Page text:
The ban does speak of semi-automatics because it was important to be clear they weren't speaking of automatic weapons. These have been unconstitutionally regulated since '34 & don't fall under the AWB. So the ban does have everything to do with the semi-auto nature of firearms since only semi-auto's are affected by it. But getting more specific, the AWB does not ban any currently existing weapons (at least at the time) it merely bans new manufacture.

As to it touching only features that have criminal uses: BS. Bayonet lugs are an important thing for collectors of military arms, as well as attaching a bayonet should you ever have to act in a martial capacity. You didn't think the 2nd amendment referred to a natural right to target shoot & hunt did you? It was primarily written so that the citizenry could have arms equal to that of the soldier.

Pistol grips & telescoping stocks are damn useful for competitions - the former eases wrist fatigue over long matches & the latter helps adjust the length of the rifle for different events.

Flash suppressors are useful for hunting as well as certain target competitions. It helps you recover for the second shot in low lighting, such as occurs near dusk when you're hunting varmints or large game or when it's overcast early in the morning when many target matches occur.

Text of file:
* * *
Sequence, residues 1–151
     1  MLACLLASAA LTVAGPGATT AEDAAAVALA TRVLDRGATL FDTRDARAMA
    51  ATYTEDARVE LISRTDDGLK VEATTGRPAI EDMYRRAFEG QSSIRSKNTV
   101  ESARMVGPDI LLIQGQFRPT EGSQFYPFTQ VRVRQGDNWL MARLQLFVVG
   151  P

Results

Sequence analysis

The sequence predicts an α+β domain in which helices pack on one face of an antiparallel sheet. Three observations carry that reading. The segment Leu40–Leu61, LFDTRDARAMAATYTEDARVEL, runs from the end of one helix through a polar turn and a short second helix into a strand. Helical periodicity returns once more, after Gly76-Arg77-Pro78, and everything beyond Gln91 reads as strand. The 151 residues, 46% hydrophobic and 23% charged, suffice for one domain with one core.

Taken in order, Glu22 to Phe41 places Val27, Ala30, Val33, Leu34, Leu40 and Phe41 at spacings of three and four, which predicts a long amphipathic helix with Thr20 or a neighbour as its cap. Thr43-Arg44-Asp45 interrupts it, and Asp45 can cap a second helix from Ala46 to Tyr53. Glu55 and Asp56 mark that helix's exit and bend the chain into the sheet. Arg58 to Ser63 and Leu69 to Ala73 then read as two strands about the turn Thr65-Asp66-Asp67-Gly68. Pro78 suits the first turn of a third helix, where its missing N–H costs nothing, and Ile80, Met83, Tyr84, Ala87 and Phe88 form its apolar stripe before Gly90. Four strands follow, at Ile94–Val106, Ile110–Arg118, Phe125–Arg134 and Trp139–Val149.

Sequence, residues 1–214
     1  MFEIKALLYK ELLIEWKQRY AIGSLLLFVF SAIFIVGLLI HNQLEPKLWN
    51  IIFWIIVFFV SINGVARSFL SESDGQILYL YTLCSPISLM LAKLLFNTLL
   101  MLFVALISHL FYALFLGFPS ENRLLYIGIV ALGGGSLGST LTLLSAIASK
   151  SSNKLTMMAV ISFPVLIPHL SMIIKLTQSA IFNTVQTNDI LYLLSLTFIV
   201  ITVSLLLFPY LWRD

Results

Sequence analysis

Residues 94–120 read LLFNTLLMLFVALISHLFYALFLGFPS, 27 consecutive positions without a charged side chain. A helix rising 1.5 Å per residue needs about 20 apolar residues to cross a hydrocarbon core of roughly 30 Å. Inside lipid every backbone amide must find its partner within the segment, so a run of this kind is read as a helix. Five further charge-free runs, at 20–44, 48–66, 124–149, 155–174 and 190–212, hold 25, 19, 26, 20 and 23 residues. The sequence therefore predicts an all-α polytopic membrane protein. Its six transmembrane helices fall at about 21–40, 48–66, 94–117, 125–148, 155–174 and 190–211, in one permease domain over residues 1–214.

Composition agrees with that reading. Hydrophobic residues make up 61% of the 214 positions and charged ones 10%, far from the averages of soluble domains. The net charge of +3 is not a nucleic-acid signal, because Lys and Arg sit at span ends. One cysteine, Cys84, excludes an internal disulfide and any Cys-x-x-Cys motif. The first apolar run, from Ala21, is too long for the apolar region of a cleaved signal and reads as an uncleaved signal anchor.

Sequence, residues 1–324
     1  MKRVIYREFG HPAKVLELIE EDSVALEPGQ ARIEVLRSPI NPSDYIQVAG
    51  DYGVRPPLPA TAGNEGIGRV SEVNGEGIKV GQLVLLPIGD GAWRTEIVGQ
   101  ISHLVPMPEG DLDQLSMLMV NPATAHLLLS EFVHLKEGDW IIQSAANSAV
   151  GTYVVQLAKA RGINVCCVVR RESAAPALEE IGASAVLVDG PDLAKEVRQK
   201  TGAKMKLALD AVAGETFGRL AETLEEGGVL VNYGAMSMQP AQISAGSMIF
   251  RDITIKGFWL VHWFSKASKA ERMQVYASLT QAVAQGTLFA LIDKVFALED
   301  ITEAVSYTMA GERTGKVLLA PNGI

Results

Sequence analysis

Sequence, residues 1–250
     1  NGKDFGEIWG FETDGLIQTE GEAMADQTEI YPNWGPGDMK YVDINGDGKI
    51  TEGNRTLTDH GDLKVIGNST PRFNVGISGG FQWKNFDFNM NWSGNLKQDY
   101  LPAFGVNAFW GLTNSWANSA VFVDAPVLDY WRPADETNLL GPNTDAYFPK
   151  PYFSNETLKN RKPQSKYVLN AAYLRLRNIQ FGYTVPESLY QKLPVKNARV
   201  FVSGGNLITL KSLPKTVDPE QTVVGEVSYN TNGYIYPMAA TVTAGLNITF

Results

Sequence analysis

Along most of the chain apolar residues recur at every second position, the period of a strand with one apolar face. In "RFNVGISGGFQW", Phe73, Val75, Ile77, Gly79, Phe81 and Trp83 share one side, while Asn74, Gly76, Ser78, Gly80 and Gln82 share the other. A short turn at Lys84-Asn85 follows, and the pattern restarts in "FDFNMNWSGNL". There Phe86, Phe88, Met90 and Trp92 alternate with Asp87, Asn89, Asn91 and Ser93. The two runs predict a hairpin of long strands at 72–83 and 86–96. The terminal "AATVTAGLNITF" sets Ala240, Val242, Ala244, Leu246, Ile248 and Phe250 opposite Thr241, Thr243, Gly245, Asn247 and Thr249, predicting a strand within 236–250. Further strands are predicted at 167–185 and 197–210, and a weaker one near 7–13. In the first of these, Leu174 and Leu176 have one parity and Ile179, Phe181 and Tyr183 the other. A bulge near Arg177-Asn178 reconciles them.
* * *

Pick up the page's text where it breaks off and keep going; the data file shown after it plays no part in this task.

& those threads... do you think sound suppressors use a special threading? By banning those threads you have just eliminated many popular accessories geared towards target shooters & hunters. Muzzle brakes, which help control recoil, are often threaded on barrels. Well since '94 they've had to redesign the threads cause if 1 sound suppressor uses that thread pattern it's a no-no. Ditto for muzzle weights which help alter the firearms balance for certain shooting sports. & I do believe that as pertains to rifles, the banned threads are those for flash suppressors, not sound suppressors. Then again prior to '94 both devices often used the same thread patterns.

But that's all refuting the specifics of the assumption that sporting use is what should be protected. Again, the Right to Arms is not about hunting or target shooting (although it encompasses both); it's about defending yourself &/or your community from an aggressive force, be it private or government.